Dear Grand Rapids Sister City Committee,
Thank you so very much for the Angela Andrews Ryan Scholarship.
I studied at the Università per Stranieri during August 2013, and now, several months later, I am still mulling over everything that I saw, learned, and did. That month in Perugia was beautiful and crazy, and I am so incredibly grateful to you for that amazing opportunity.
When I first arrived in Italy, I knew how to say “ciao,” “buongiorno,” “tiramisu,” and “grazie”— not even the basics—and I placed into the lowest level (A1) at the university. However, my knowledge of French helped me understand the Italian grammar much more quickly than most of my classmates, so during the second week I jumped up to the A2 level. By the end of the month, I was able to explain, in Italian, intransitive verbs to my classmates (who must have hated me) and hold 20-minute phone conversations completely in Italian. I had arrived in Perugia determined to gain a good grasp on the Italian language, but I had no idea that I would learn so much in such a short time.
The teachers at the Università per Stranieri were incredible. Every day I was impressed. Our lessons were completely in Italian, and even though English was the Lingua Franca among the students, no English was allowed. It was great. There were two main kinds of lessons: grammar lessons and conversation-based classes. Because I like grammar, I enjoyed the grammar lessons; the professor spoke very slowly and clearly, so it was easy to follow her. The conversation-based classes were quite dynamic, and I loved how the teachers could keep us talking for an hour or so using only a few worksheets. While I was there, I met a few American PhD students who have gone to Italy several times before to study. They said that the language programs at Perugia’s Università per Stranieri are the best in the country. I believe them.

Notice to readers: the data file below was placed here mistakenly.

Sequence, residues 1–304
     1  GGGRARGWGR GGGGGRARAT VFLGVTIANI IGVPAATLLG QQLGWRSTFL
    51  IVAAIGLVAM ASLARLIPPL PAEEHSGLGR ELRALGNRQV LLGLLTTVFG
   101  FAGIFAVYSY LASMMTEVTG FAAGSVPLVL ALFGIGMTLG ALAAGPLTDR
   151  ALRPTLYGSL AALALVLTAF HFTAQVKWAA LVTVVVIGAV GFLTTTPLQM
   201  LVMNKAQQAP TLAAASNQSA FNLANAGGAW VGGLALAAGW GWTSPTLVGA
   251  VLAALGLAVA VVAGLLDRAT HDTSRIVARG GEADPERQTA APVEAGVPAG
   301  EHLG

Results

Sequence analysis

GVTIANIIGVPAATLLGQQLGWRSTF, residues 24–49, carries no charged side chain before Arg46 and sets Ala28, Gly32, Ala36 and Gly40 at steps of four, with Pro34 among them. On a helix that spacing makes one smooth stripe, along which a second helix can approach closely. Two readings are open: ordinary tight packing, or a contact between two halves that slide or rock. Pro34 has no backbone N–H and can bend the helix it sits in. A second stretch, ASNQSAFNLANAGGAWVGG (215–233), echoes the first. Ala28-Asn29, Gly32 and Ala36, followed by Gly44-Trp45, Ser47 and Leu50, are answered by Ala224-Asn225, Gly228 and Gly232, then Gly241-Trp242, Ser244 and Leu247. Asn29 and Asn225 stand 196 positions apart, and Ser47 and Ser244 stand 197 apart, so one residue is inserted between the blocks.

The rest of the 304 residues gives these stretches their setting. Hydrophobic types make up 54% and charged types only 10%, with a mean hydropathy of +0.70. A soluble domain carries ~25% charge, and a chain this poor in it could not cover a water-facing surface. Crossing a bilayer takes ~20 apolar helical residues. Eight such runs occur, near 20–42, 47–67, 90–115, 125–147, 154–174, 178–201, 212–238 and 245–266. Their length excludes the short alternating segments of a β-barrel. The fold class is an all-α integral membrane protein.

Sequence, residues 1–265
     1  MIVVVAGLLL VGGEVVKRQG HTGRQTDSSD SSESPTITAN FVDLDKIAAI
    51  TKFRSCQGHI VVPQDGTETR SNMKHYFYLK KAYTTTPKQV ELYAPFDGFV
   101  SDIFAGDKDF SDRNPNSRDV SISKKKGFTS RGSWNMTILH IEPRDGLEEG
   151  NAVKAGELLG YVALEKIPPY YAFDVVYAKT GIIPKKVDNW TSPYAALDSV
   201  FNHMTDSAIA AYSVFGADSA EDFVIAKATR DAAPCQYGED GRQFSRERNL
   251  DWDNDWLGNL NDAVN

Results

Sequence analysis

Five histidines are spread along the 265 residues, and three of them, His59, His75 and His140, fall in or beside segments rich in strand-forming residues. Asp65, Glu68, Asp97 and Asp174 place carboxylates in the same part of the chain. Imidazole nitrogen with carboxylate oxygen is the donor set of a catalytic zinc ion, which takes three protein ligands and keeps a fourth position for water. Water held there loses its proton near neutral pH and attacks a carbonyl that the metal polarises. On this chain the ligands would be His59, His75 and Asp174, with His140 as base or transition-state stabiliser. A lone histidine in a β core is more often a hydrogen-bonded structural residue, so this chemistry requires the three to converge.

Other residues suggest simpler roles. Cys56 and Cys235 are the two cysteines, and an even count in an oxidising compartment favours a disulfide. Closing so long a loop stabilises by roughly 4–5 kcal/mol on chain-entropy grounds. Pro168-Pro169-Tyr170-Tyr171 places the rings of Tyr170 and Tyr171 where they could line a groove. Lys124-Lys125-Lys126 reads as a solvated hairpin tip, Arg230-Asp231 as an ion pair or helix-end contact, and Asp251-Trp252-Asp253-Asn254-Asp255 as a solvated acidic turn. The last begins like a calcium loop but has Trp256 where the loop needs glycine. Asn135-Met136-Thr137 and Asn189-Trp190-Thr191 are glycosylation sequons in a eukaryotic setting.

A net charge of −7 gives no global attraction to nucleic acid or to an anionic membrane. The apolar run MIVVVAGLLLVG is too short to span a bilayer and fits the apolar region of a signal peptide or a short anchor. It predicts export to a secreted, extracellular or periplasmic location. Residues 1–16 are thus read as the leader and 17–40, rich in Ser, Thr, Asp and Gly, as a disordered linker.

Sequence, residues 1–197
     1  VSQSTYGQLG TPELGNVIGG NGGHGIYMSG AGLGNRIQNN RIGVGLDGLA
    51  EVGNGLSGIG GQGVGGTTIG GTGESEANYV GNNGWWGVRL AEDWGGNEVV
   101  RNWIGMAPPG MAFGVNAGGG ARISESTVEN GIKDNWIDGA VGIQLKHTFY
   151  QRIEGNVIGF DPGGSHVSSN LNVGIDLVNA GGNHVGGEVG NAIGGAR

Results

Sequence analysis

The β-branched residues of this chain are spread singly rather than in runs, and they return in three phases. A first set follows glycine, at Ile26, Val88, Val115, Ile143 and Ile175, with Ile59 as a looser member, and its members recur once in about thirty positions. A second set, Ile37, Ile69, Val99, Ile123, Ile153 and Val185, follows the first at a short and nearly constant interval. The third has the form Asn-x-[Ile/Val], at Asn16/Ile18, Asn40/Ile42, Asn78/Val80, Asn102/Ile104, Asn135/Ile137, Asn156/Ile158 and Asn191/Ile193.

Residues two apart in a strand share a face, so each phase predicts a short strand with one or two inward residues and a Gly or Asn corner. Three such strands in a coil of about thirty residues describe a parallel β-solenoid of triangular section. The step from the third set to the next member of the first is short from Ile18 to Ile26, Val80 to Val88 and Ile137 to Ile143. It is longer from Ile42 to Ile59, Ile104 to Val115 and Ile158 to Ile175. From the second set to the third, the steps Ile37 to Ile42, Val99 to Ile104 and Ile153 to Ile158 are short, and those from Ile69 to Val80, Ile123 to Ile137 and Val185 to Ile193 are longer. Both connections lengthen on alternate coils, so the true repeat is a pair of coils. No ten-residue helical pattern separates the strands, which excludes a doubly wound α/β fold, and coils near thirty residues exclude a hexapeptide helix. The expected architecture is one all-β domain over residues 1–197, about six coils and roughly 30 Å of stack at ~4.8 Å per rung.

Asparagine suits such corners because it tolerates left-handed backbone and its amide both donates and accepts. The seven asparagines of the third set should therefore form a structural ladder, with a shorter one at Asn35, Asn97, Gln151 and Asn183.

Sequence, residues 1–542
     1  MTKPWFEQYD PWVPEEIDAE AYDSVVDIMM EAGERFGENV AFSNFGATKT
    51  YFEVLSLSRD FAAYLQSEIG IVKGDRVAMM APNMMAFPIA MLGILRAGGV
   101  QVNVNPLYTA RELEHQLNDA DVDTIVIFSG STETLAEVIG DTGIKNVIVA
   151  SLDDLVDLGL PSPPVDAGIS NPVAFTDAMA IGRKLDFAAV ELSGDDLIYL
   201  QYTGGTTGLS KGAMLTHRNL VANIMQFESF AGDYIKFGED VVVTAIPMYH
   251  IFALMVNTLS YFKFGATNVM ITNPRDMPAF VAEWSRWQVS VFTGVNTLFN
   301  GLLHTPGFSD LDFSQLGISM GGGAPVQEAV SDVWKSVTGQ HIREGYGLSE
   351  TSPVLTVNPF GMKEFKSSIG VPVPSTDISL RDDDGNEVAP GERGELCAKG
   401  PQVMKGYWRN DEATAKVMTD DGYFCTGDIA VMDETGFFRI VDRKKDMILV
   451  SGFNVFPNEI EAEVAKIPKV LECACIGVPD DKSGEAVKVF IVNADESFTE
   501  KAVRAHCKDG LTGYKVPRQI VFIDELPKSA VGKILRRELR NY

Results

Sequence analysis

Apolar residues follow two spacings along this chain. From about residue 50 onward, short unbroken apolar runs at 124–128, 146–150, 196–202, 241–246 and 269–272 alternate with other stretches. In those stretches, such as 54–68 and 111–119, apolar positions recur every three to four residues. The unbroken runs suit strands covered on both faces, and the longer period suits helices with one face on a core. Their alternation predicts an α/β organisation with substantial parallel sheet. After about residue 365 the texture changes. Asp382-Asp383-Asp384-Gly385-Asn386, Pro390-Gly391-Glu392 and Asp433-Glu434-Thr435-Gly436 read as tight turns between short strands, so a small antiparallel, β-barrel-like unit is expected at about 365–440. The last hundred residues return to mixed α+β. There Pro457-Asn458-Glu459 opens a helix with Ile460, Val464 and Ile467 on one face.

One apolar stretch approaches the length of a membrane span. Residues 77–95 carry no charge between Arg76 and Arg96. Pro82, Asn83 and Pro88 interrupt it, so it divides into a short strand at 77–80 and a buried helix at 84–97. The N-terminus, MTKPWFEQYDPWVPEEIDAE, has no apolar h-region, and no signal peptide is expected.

Another thing also helped me learn Italian: conversation nights at the Ostello di Centro, which is located on Via Cartolari. Every Monday night, starting around 21.00 (more like 21.10), local Perugini organized conversation groups for foreigners studying in Perugia. It was very informal; we sat on the terrace overlooking the lights of the city and introduced ourselves and just talked to each other. There were people from all over: Hungary, Turkey, Gabon, Jordan, the UK, Romania, Spain, France, and Italy. Sometimes it’s difficult to meet Italians in Perugia because all of the students at the Università are foreigners; however, through the Ostello, I met “real” Italians who were kind and generous. For the next scholarship recipients, I would definitely recommend checking out this conversation group. It’s free and anyone can come—you do not have to be staying in the hostel to participate. Also, the group leaders sometimes organize tours of the city or little trips, which was how I was able to go to the beach in Tuscany one weekend.
Now, I am working as an English assistant in France. However, there is an Italian teacher at my school and when I don’t teach, I try to attend her classes. Because my schedule changes every week depending on which English teachers need me to help out with their classes, I can’t attend every Italian class, but when I moved here I made sure to take my Italian text book, phrase book, and English-Italian dictionary with me—I am determined not to lose what I’ve learned! I am also looking for ways to return to Italy and, especially, Perugia. I would love to return to that university, and with each month’s paycheck, I try to figure out how much I will need to save in order to attend another summer session!
Thank you again, so very much, for this opportunity.